Out today, StreetEasy’s Q1 2017 Real Estate Market Reports show that rents in both Manhattan and Brooklyn continued to decline. According to StreetEasy Senior Economist Grant Long, a key contributor to easing rents is a market that’s been saturated by new construction.
“A surge in new construction, particularly at the high end of the market, has had a ripple effect throughout the market and pushed down rents across the city, particularly in Brooklyn,” said Long. “Renters planning on signing a new lease this year are likely to have more negotiating power as competition starts picking up among new buildings vying for the attention of prospective tenants.”
See below for additional rental and sales trends across the two boroughs, as well as an interactive map that shows how rents have changed in each neighborhood over the last year.
Key Findings – Manhattan
- Manhattan rent prices continue to decline. Manhattan’s median rent price was down 1 percent compared to last year and has dropped steadily since last fall[i].
- Upper Manhattan the only Manhattan submarket where rent prices rose. The median rent price in Upper Manhattan was up 3.2 percent year-over-year, though the pace of growth slowed from the prior quarter.
- Rents in hot Downtown Manhattan neighborhoods fell the most (SEE MAP BELOW). Of the 19 neighborhoods where median asking rents fell year-over-year, 11 were in the Downtown submarket, including Little Italy, Battery Park City, West Village and Greenwich Village.
- Median resale price in Manhattan rose just over 1 percent since last March. The Manhattan median resale price increased slightly to $987,997 in Q1 2017[ii]. Prices rose the most in Upper Manhattan, up 6.5 percent from Q1 2016 to $658,393.
- Homes in Manhattan spent nearly 80 days on the market in Q1 2017, the highest level since 2011. In Midtown, homes spent a median of 92 days on the market, the longest period among all Manhattan submarkets[iii].
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Key Findings – Brooklyn
- Brooklyn rents fell to their lowest level since Q3 2014. Brooklyn’s median rent price fell 4.2 percent relative to Q1 2016 and dropped steadily since fall 2016.
- New construction around Downtown Brooklyn weighed on the Brooklyn rental market. Renters had 27.6 percent more options to choose from in Q1 2017 relative to the same period in 2016. Inventory in South Brooklyn jumped the most – up 45 percent year-over-year[iv].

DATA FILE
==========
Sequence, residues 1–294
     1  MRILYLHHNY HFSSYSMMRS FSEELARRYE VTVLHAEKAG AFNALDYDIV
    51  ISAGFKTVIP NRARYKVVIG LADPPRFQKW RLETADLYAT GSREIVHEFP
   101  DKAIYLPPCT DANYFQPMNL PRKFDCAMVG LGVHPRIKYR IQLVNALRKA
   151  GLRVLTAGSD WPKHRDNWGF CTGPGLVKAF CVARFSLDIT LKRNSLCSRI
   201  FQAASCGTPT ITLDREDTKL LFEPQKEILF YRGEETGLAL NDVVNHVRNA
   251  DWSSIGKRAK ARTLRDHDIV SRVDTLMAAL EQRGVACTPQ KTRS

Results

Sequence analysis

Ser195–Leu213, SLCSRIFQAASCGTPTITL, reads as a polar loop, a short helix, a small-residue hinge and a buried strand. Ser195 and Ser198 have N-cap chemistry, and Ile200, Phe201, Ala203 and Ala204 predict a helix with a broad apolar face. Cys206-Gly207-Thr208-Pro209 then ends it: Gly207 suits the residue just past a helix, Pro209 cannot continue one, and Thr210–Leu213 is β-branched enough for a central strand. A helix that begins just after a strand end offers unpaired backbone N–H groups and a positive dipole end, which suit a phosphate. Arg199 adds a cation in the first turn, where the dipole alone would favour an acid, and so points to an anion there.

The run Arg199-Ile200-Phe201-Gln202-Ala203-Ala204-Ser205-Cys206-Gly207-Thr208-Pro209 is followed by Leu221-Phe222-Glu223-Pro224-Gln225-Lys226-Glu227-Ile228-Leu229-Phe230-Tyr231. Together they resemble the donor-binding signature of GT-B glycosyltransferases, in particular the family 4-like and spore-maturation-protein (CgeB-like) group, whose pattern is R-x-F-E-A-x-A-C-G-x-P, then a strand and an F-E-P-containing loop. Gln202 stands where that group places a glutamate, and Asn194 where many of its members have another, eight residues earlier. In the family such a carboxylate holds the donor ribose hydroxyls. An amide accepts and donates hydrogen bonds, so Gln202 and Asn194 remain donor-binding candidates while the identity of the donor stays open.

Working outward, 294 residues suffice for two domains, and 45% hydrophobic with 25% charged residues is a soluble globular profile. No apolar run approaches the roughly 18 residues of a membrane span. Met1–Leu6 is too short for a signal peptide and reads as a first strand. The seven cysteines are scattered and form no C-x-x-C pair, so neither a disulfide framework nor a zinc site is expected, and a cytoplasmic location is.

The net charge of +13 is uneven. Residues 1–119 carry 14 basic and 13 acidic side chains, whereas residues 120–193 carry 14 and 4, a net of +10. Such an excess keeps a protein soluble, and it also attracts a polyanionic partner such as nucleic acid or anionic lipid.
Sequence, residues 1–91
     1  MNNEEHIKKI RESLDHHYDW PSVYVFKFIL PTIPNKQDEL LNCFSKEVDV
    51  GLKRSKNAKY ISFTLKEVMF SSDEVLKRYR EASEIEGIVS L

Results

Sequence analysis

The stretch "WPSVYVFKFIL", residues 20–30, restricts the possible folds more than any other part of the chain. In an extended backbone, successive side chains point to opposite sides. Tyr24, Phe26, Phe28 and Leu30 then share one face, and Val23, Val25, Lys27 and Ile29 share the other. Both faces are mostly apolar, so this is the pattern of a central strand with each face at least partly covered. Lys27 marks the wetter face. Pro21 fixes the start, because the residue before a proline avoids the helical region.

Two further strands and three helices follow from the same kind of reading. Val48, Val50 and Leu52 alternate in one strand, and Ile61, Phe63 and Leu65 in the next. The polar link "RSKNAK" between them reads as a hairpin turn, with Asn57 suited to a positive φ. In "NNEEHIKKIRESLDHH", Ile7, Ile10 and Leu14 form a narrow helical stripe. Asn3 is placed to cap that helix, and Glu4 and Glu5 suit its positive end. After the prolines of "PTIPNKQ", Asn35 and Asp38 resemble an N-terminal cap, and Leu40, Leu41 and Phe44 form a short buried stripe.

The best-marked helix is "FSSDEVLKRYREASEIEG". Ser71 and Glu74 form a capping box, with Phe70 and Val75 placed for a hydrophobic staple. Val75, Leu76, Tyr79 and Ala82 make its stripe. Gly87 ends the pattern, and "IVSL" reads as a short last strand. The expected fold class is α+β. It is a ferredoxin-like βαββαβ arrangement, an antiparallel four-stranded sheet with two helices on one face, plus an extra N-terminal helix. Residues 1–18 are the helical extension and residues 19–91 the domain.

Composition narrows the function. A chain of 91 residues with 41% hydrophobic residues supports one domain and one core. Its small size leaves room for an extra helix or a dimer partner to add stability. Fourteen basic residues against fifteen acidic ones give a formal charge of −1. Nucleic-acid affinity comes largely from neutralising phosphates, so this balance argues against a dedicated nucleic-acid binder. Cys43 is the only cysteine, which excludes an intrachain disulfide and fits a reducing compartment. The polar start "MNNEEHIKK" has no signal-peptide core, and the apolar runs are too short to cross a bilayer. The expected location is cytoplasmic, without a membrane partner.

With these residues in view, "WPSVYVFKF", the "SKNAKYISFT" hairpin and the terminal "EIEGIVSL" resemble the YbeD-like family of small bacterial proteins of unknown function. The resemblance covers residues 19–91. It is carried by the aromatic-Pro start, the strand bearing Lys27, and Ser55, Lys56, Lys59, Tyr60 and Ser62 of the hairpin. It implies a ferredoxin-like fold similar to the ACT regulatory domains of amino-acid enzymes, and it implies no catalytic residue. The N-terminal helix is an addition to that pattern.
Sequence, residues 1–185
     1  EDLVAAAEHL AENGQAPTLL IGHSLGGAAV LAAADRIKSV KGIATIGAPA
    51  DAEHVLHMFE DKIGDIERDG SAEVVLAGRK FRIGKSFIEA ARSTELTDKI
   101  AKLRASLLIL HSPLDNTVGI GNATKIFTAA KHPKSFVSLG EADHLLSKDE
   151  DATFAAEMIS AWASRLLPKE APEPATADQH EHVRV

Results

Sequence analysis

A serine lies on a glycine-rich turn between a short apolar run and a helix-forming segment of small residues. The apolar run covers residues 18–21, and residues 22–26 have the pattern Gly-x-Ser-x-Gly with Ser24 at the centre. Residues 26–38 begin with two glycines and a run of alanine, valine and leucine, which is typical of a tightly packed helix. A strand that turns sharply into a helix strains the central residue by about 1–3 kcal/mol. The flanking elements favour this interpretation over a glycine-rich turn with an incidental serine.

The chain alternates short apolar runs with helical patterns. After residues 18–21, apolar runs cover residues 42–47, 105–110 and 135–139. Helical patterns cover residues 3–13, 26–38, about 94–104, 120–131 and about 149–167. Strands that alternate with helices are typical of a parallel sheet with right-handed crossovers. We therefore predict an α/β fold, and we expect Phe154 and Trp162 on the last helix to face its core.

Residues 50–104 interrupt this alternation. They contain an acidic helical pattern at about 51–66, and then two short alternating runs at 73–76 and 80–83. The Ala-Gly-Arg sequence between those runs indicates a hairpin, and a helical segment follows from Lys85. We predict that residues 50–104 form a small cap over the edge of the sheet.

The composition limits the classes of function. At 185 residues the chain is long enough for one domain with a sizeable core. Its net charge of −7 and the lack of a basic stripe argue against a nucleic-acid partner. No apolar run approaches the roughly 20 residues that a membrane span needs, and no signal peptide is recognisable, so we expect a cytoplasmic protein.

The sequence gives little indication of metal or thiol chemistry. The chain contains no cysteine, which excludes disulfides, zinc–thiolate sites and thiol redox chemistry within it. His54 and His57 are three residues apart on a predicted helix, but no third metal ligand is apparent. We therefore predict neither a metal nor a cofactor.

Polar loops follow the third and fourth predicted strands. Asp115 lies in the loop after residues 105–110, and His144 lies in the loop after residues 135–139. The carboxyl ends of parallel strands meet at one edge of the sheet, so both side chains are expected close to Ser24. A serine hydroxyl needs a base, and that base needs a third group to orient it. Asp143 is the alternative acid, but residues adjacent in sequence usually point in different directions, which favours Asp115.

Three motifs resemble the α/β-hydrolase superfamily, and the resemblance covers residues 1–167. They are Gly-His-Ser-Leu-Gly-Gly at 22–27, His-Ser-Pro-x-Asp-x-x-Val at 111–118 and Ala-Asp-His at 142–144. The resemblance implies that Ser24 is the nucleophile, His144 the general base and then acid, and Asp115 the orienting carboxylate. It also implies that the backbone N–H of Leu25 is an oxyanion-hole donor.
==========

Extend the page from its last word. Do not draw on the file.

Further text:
- Brooklyn’s median resale home price rose almost 6 percent over the past year. The median resale price was $578,290 in Q1 2017, with Prospect Park reporting the greatest annual price growth, up 11.7 percent since Q1 2016.
- Prices rose the most in more affordable submarkets. In East Brooklyn, the median resale price was up 9 percent to $493,612. In South Brooklyn, the median resale price rose 7 percent to $435,068.
- North Brooklyn was the only Brooklyn submarket with falling prices. The median resale price fell 4.75 percent from Q1 2016 to a median resale price of $865,804.
- Buyers had more homes to choose from in Q1. There were 5.3 percent more homes for sale in Brooklyn relative to the same period last year[v]. North Brooklyn reported the greatest inventory gains among all Brooklyn submarkets, up 27.8 percent from Q1 2016.
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[i] Similar to the StreetEasy Price Indices, median rents are measured by the StreetEasy Rent Indices. By including only valid and verified listings from StreetEasy and employing a repeat rentals approach, the indices emphasize the changes in rent on individual properties and not between different sets of properties. Full methodology here: http://streeteasy.com/blog/methodology-streeteasy-rent-indices/
[ii] Median resale price is measured by the StreetEasy Price Indices, monthly indices that track changes in resale prices of condo, co-op, and townhouse units. Each index uses a repeat-sales method of comparing the sales prices of the same properties since January 1995 in Manhattan and January 2005 in Brooklyn. Given this methodology, each index accurately captures the change in home prices by controlling for the varying composition of homes sold in a given month. Data on sales of homes is sourced from the New York City Department of Finance. Full methodology here: http://streeteasy.com/blog/methodology-streeteasy-price-indices/
[iii] Time on market is measured as the numbers of days from the original listing on StreetEasy to when it enters contract.
[iv] Rental inventory data is based on rental listings of condos, co-ops, townhouses and single-family homes available on StreetEasy.
[v] Sale inventory data is based on sales listings of condos, co-ops, townhouses and single-family homes available on StreetEasy.